Dr. Nancy Gutierrez
President and CEO
The Leadership Academy

Dr. Nancy B. Gutiérrez is president & CEO of The Leadership Academy. She began her career as a teacher and award-wining principal in her home community of East San Jose, CA. Nancy went on to launch an executive leadership advancement program for the NYCDOE that led to state superintendent certification before joining The Leadership Academy in 2014. A highly sought-after keynote speaker, she delivered 45 virtual keynote addresses to district, state and national agencies in 2020. Nancy is on the teaching faculty for NYU, Latinos for Education, and frequently guest lectures at the Harvard Graduate School of Education. Nancy holds an Ed.L.D. from Harvard GSE and is on the board of Education Leaders of Color, The Hunt Institute, and Brightbeam. Nancy is a Fall 2019 Pahara-Aspen Education Fellow. In 2020, City & State NY named Nancy one of the top 100 most influential leaders in education in New York.

 

Sara Sneed
President and CEO
The NEA Foundation

Sara is president and CEO of The NEA Foundation (NEAF). Sara joined NEAF after more than 20 years in public policy and philanthropy. Previously with the Hartford Foundation for Public Giving, Sara directed strategy, policy advocacy, and grantmaking to close opportunity gaps among some of the nation’s highest need school districts. She is credited with powerful organizing and advocacy for education and social justice; advising policymakers; founding dynamic learning communities; and the co-creation of several successful community schools.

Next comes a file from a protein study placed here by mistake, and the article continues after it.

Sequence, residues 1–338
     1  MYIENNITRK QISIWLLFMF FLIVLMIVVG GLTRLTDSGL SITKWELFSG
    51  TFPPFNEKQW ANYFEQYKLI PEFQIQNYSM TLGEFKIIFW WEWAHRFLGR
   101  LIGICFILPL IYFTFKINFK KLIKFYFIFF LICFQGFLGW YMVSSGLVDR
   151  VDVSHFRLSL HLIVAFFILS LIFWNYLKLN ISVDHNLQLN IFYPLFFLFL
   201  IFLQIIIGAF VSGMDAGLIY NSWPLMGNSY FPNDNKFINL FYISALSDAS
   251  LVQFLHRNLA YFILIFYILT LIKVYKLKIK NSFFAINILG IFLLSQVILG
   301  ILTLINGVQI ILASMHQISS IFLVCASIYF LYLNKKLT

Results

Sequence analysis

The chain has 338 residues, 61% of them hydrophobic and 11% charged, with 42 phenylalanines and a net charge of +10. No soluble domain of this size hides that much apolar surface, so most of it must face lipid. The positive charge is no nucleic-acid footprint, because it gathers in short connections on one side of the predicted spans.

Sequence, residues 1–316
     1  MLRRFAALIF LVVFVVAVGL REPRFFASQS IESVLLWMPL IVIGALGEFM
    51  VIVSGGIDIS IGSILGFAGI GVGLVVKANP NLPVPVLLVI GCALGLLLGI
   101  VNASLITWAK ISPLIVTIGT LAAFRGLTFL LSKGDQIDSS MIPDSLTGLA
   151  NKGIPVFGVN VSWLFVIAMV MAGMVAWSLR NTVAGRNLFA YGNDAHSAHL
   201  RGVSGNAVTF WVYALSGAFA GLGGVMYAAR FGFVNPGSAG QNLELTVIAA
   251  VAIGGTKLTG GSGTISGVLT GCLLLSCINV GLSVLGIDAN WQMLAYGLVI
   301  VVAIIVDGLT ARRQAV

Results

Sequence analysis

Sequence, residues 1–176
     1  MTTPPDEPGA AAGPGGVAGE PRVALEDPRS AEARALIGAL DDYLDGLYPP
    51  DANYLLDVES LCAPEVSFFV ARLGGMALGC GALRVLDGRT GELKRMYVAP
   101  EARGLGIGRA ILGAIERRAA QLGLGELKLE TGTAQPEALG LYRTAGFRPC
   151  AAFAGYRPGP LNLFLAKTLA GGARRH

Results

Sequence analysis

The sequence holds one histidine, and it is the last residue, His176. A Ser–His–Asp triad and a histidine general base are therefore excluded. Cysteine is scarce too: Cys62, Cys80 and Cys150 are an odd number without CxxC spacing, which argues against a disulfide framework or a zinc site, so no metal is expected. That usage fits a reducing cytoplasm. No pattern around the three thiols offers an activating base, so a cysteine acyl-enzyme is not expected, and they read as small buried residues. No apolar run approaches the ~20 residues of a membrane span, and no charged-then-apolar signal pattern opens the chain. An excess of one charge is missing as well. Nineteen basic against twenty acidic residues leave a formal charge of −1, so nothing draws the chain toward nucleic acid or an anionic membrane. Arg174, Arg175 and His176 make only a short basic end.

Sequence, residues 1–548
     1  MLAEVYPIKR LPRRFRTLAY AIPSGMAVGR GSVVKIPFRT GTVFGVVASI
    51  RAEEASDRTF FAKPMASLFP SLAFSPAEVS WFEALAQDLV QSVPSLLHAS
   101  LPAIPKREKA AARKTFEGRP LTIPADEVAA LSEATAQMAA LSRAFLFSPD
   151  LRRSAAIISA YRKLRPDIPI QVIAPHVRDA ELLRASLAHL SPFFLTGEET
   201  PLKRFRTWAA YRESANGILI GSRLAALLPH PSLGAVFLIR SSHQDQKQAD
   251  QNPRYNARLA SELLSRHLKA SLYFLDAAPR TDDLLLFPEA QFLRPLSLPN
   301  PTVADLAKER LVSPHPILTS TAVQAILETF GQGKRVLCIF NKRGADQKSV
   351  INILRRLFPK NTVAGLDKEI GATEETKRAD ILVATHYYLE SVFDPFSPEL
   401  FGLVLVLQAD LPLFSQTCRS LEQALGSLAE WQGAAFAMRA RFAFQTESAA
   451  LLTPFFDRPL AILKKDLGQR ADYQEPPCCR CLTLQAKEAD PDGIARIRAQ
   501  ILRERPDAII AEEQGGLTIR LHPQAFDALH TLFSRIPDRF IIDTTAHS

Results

With an MDiv from Yale, Sara serves as Vice Chair of the Board of the Institute for Educational Leadership, on the Board of Grantmakers for Education, and on the steering committees of the Education Funders’ Strategy Group, Education Civil Rights Alliance, and Communities for Just Schools Fund. She also has served on the executive board of Grantmakers for Children, Youth and Families, and as Co-Chair of the Coalition of Community Foundations for Youth.

 

Dr. Jonathan Zimmerman
Berkowitz Professor in Education and Professor of History of Education
University of Pennsylvania

Dr. Jonathan Zimmerman is the Berkowitz Professor in Education and Professor of History of Education at the University of Pennsylvania. A former Peace Corps volunteer and high school teacher, Zimmerman is the author (with cartoonist Signe Wilkinson) of Free Speech and Why You Should Give a Damn (City of Light Press, 2021) and eight other books, including studies of sex education and history instruction in American schools. Dr. Zimmerman is also a frequent contributor to the Washington Post, the New York Review of Books, and other popular newspapers and magazines.  His next book, Who Are We Now? Culture Wars in the Public Schools, will be published in 2022 by University of Chicago Press.